Rents on the Rise in Phoenix, Falling in D.C.

in Research & Analysis

Graphic: Where is rent increasing and decreasing the most?

National Apartment Report

Data provided by ABODO – Data based on apartments available to rent

Some Millennials Opt For “Micro-Units” Over McMansions

Developers are recognizing that bigger isn’t always better when it comes to building new apartment units. The emergence of smaller “micro” apartments is proving to be a big hit with renters.

Rental housing is clearly taking a bigger bite out of wallets these days. New York state leads the country in the highest rents with current rates averaging $2,040 per month for a one-bedroom, according to ABODO. Rents have been rising faster than the rate of inflation, and that pace is expected to continue this year with effective rents forecast to rise a further 3 to 5%. Some metros are taking even bigger jumps forward. Cities that saw the biggest monthly gains in rent as of June 1 include Phoenix at 13%; Bakersfield, Calif. at 10% and Chicago at 8%, according to ABODO.

Developers are continuing to deliver new Class A apartments. Yet some are presenting an alternative by downsizing unit size. One of the big drivers behind that trend is cost. Developers need to make the numbers pencil on rents in order to justify the higher construction and land costs, especially for projects in very dense urban areas. In many cases, the micro units allow developers to charge a higher price per square foot, and still present units that are affordable to a wider pool of potential renters.

Transwestern Development Co. recently announced plans to build micro units in downtown Austin. Its planned Indie Apartments will feature 139-units and a 2,500-square-foot restaurant. The micro units consist primarily of 350-square-foot studio units and 520-square-foot two-bedroom units. The fully furnished apartments aim to maximize space by utilizing built-in storage units and flexible furniture systems such as Murphy beds and convertible tables. The property also will feature large community spaces, including an outdoor courtyard with fire pits and outdoor televisions. The project is scheduled to break ground this month with an opening date of August 2017.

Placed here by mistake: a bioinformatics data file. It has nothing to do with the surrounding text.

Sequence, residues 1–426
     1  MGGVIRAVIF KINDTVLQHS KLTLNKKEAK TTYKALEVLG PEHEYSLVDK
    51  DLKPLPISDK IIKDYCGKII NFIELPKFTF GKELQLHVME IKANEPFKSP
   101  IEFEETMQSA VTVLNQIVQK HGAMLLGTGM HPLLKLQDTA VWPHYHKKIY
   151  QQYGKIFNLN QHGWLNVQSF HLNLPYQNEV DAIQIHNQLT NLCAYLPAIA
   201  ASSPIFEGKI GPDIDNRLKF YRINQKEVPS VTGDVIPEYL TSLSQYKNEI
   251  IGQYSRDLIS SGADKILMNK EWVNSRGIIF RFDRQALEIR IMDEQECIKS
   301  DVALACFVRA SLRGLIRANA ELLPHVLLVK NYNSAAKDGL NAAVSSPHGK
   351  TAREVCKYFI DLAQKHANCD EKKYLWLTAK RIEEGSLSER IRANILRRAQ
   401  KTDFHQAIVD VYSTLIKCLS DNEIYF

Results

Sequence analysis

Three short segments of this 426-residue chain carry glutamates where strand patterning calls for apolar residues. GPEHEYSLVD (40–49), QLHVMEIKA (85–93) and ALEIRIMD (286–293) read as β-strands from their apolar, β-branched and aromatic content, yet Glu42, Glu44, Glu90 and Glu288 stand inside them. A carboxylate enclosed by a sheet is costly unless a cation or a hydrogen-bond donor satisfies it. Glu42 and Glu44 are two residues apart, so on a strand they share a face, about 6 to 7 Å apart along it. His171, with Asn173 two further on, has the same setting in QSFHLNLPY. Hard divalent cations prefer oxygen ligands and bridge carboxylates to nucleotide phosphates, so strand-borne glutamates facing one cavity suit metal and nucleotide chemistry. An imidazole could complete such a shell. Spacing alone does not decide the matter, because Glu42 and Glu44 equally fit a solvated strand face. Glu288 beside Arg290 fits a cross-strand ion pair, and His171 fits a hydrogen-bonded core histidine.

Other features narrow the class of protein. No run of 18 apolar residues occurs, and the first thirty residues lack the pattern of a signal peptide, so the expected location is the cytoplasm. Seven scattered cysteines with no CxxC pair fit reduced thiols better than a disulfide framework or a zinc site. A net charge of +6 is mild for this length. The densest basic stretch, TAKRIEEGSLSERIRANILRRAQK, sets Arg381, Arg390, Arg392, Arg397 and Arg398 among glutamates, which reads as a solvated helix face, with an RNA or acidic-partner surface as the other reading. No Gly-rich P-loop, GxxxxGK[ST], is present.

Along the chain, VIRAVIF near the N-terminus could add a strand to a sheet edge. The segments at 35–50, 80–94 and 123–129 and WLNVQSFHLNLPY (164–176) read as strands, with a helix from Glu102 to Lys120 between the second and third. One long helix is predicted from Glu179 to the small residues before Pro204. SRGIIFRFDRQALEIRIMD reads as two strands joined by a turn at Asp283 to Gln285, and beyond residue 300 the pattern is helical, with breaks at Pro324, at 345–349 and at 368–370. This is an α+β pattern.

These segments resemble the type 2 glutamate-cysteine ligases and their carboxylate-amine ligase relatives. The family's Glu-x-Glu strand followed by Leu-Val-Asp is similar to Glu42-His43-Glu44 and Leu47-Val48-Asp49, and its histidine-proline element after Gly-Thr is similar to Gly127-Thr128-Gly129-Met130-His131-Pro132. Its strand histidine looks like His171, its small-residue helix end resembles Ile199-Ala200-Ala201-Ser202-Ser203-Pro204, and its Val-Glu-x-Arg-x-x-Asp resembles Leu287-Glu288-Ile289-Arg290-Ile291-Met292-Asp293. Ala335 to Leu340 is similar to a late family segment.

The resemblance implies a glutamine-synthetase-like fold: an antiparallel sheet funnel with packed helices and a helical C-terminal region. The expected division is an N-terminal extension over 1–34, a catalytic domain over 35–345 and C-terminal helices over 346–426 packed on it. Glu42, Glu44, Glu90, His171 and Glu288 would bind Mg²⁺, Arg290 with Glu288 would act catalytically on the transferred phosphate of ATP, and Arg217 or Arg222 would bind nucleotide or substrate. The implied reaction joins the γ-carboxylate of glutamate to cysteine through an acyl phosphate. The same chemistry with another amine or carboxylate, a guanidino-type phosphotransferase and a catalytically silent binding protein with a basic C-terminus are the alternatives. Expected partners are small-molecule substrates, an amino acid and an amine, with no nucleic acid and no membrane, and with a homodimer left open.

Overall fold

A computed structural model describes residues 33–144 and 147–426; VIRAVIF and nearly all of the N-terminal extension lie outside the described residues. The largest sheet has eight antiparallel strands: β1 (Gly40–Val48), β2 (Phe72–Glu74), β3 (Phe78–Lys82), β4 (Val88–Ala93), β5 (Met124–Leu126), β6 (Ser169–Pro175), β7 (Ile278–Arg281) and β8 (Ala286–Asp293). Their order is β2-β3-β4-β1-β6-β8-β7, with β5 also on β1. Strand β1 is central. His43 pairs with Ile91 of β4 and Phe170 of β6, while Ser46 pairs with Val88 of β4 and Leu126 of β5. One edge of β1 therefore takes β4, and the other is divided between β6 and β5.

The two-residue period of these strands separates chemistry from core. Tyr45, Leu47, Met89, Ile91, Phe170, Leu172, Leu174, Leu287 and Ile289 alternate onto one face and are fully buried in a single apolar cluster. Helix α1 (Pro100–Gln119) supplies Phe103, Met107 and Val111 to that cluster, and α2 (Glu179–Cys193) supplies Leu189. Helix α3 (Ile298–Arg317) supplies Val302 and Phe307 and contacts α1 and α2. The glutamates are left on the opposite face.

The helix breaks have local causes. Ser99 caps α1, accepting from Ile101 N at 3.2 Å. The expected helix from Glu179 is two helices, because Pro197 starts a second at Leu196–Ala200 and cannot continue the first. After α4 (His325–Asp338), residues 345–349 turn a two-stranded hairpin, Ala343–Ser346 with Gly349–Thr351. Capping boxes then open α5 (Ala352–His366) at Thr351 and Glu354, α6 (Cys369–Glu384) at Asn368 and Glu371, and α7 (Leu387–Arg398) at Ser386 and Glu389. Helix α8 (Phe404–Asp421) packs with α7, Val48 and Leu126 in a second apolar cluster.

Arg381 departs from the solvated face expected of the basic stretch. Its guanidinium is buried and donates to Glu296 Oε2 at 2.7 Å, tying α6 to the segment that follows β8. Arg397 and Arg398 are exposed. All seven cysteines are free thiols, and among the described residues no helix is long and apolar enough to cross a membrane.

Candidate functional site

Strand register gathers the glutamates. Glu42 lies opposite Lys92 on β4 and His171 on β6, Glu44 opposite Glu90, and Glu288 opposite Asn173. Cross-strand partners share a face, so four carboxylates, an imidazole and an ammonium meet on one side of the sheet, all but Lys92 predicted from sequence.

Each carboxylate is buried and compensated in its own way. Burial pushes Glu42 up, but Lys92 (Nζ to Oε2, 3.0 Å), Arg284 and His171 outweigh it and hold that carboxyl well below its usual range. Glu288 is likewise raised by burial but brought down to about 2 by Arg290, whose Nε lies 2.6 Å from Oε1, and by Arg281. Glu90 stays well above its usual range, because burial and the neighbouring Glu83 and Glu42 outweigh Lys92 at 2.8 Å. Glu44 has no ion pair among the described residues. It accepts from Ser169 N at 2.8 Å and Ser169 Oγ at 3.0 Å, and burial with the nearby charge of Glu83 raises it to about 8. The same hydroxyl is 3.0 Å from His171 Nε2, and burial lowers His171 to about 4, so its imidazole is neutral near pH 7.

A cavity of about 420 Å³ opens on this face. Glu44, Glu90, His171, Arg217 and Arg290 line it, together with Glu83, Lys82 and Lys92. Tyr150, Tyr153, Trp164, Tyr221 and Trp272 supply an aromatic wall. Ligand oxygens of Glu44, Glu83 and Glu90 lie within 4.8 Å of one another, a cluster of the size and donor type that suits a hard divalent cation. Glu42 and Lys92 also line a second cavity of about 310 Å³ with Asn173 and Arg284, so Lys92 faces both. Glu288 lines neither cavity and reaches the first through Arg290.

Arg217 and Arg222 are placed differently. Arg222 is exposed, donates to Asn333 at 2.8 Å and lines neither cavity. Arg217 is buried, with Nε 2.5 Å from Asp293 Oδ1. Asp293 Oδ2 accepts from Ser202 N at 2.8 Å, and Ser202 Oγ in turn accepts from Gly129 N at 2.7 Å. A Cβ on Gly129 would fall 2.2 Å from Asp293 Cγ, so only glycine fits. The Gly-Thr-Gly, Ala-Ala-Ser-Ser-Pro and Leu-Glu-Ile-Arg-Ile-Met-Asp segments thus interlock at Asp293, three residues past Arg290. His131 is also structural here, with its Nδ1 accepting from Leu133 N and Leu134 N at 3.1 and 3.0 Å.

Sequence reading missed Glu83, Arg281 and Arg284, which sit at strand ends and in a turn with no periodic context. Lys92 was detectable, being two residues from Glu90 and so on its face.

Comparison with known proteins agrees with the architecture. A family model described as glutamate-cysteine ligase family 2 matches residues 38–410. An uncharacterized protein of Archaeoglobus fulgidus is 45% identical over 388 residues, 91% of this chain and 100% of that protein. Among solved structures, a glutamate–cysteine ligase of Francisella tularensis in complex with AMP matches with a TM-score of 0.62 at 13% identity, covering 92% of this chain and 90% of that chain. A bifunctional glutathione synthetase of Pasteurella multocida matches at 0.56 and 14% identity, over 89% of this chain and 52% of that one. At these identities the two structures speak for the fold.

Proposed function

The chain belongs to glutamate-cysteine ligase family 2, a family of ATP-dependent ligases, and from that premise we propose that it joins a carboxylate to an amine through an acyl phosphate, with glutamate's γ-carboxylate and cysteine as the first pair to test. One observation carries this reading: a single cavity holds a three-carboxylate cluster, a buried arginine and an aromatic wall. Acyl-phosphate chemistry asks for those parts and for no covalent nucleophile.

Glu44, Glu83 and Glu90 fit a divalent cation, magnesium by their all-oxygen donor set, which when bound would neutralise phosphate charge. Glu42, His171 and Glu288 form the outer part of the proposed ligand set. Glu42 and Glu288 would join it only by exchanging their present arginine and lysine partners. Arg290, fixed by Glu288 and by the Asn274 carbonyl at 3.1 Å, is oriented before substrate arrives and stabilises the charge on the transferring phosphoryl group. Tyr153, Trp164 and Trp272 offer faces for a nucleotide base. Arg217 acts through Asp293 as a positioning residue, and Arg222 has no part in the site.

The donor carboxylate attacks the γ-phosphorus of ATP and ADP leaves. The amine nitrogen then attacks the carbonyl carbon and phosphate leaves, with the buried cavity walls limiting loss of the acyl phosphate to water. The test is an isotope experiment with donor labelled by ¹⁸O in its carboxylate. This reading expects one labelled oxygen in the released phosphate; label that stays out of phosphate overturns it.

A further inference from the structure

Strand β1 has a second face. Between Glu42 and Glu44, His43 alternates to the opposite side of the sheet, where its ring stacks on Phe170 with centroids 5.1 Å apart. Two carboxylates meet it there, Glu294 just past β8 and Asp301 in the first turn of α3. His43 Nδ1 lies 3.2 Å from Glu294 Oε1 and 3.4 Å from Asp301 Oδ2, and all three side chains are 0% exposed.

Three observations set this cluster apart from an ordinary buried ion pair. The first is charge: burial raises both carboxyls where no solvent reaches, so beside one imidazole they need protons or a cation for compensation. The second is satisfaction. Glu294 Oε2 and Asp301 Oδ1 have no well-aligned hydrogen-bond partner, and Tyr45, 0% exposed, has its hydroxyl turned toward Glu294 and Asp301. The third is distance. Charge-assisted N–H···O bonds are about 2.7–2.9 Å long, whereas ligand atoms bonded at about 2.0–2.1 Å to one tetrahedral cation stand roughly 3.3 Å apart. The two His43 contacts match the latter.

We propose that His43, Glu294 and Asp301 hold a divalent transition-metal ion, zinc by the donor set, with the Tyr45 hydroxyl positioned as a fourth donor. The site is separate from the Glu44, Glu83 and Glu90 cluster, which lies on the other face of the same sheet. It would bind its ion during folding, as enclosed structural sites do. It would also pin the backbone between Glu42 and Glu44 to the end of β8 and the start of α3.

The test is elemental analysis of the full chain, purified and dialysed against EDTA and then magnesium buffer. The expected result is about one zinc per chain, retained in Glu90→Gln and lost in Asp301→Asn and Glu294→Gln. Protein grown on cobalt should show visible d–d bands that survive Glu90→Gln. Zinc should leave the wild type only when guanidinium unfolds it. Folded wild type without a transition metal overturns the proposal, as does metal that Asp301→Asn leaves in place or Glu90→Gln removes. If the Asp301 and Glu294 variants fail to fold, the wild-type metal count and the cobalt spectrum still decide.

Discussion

The smaller units appeal to Millennials who like the convenience of urban living, but don’t have the means to pay the bigger rents associated with full-size units. “Younger generations like millennials have personal incomes that aren’t growing as fast as rental rates in most areas, yet they want to live in the middle of restaurants, bars and entertainment areas,” said Transwestern Vice President Josh Delk in a company announcement about the new project. “This project will answer that growing demand for more efficient, affordable living space that is located close to numerous amenities,” he added.

Micro units have been popping up in major metros such as New York City, L.A. and San Francisco where housing costs have been soaring. Yet projects also are emerging in smaller cities across the country. For example, Arcade Providence is a mixed-use development in downtown Providence, R.I. that includes 48 micro-loft apartments that range in size from 225 to 800 square feet. The property, which opened two years ago, is fully occupied and has a wait list. To satisfy the growing demand, the city recently awarded $3.5 million in development tax credits to support the development of 100 additional micro lofts. The smaller units also appeal to renters who are opting for a simpler lifestyle and/or want to lessen their environmental impact.

It remains to be seen just how deep the renter market is for these micro rentals. However, the smaller units are a sign that developers may be getting creative in order to set themselves apart in an increasingly competitive marketplace. A robust construction pipeline is continuing to add to available supply in many metros. A 2016 Multifamily Investment Forecast published by the real estate services firm Marcus & Millichap is predicting that new construction will rise 14% this year with a total of 285,000 new units delivered. As competition heats up, developers may be more motivated to deliver a product that appeals to a bigger audience and also acknowledges the changing preferences among some of today’s renters.

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